A History of Rome and Floyd County, Georgia 1540-1922 Reprint Edition

1 customer review
ISBN-13: 978-0877970033
ISBN-10: 0877970033
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Hardcover, June 1, 2000
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Product Details

  • Hardcover: 728 pages
  • Publisher: Cherokee Pub; Reprint edition (June 1, 2000)
  • Language: English
  • ISBN-10: 0877970033
  • ISBN-13: 978-0877970033
  • Product Dimensions: 1.8 x 6.2 x 9 inches
  • Shipping Weight: 2.6 pounds
  • Average Customer Review: 5.0 out of 5 stars  See all reviews (1 customer review)
  • Amazon Best Sellers Rank: #3,811,518 in Books (See Top 100 in Books)

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1 of 1 people found the following review helpful By The Experimentalist on December 9, 2009
Format: Hardcover Verified Purchase
If you're interested in Georgia history, and, especially of course, Rome, Georgia and related genealogy, you'll likely find this book indispensable. The book originally was not copyrighted, and so has been published by a variety of companies over the years. The early editions were not indexed, which was a serious shortcoming, especially for researchers. I have the non-indexed 1969 edition, and I just ordered a new indexed copy from amazon for a relative since we have family covered in the book.

The entire book is written in a relaxed style and documents, believe it or not, a period from 1540 to 1922, when the first edition was published. The earliest entries are about Spanish explorers. Next come U.S. Army battles with Native Americans beginning in 1793. The real history of the City of Rome begins in the book in the 1834 timeframe.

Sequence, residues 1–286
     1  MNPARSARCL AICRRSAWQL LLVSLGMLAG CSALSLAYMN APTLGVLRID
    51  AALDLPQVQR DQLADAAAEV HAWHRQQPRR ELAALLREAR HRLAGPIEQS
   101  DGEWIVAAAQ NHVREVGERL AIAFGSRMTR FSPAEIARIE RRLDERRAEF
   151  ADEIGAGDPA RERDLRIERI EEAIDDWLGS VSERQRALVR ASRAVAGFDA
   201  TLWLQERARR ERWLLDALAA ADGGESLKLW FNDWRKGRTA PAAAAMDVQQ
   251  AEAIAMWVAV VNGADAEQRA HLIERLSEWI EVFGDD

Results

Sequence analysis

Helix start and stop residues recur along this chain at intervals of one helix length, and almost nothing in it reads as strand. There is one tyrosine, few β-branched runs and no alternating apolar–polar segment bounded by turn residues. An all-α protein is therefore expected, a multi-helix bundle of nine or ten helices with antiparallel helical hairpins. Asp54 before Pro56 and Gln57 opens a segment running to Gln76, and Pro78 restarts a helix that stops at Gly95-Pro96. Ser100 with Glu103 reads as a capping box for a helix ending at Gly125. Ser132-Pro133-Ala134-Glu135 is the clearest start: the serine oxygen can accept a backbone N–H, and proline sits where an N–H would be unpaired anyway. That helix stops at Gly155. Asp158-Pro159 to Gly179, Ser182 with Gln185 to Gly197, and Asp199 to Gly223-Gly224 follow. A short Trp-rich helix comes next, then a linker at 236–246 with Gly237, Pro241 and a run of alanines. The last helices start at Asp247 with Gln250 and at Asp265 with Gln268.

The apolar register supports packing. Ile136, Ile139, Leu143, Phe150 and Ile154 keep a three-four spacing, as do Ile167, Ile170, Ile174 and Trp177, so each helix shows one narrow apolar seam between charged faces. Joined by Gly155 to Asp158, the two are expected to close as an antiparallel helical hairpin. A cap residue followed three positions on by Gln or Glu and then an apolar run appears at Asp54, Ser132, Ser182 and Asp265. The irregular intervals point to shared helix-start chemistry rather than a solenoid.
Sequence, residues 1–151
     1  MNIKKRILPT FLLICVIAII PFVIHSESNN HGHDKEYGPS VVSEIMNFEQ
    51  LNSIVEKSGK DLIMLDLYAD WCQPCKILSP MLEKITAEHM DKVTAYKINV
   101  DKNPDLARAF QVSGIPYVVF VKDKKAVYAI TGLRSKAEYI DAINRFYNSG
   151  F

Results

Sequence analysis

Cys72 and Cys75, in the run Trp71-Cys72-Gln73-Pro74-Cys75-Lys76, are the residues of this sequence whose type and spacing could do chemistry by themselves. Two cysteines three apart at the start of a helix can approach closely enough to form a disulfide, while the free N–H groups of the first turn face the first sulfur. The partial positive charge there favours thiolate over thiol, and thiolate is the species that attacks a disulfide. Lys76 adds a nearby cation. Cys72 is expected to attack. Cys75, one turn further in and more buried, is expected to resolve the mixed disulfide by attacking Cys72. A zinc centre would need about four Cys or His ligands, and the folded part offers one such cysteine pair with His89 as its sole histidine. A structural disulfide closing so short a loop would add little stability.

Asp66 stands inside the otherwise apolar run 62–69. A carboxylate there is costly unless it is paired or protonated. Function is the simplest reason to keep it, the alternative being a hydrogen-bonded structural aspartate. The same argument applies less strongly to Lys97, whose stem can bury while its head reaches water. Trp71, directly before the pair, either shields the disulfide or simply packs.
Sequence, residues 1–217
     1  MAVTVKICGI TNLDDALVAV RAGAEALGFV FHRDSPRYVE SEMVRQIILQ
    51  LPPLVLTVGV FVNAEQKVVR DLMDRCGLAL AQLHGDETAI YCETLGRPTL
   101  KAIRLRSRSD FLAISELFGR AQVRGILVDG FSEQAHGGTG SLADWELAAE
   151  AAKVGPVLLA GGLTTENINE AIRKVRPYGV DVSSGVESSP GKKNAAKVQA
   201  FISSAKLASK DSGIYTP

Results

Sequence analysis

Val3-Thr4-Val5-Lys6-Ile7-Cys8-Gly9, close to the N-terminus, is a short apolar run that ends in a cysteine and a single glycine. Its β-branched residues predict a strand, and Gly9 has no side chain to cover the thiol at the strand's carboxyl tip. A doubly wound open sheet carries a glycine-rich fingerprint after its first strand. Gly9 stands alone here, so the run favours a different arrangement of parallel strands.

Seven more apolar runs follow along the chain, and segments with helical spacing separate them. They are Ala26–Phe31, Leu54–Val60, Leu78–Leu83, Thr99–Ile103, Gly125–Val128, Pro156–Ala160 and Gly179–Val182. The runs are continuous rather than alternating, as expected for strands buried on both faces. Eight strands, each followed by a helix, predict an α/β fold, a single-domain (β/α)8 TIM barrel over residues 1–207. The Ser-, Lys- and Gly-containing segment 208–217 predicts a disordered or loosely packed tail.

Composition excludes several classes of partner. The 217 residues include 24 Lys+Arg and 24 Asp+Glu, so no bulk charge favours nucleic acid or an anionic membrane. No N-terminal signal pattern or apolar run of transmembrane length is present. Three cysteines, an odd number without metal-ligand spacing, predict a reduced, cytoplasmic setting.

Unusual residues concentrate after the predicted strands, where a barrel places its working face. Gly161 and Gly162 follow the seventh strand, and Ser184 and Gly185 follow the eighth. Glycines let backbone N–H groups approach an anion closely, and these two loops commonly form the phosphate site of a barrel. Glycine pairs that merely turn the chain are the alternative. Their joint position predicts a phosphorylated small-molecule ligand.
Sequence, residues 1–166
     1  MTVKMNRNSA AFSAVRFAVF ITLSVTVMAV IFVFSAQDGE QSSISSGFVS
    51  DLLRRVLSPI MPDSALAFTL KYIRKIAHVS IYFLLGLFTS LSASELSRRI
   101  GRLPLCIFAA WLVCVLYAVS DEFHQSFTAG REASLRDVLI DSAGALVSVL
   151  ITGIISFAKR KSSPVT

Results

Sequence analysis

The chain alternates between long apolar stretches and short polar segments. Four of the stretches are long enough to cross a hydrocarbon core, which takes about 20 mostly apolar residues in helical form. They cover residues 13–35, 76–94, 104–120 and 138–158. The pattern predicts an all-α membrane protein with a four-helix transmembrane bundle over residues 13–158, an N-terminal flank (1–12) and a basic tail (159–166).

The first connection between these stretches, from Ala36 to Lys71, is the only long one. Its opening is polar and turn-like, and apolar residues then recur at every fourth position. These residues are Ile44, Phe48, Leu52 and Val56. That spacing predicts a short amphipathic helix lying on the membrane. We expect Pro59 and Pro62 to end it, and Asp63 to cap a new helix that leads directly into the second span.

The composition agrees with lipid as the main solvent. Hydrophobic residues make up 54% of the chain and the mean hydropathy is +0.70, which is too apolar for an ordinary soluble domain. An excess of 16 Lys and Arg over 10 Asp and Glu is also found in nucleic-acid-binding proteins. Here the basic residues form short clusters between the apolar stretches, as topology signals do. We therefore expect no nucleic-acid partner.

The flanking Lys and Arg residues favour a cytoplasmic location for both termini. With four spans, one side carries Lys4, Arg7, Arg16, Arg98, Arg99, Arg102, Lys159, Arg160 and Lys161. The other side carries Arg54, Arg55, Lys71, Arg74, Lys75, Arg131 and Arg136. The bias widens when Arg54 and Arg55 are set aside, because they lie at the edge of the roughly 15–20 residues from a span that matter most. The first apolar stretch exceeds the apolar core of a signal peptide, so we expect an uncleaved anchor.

The book is loaded with anecdotes covering probably everything the author could collect about the area, its events, and its personalities. Battey takes every opportunity to connect with national-level events of the era such as the Civil War. For example, he reports the role of a Rome-built engine in what is now known as the "Great Locomotive Chase."

The author was born into a wealthy family and apparently didn't need to work for a living. He was "educated at the University of Georgia and Princeton University." Although he was very widely traveled, he had deep family roots in Rome and undoubtedly drew on family as well as personal connections, which allowed him to write as a true insider.

The lack of a copyright is especially nice for genealogists, who can reproduce and publish segments online at will. The lack of copyright also indicates that Battey wrote the book as a service to his community. All of us who use it as a valuable resource are deeply indebted.

Please note: Amazon has the author's name mixed up. His name is George Magruder Battey, Jr.

Tim Naff
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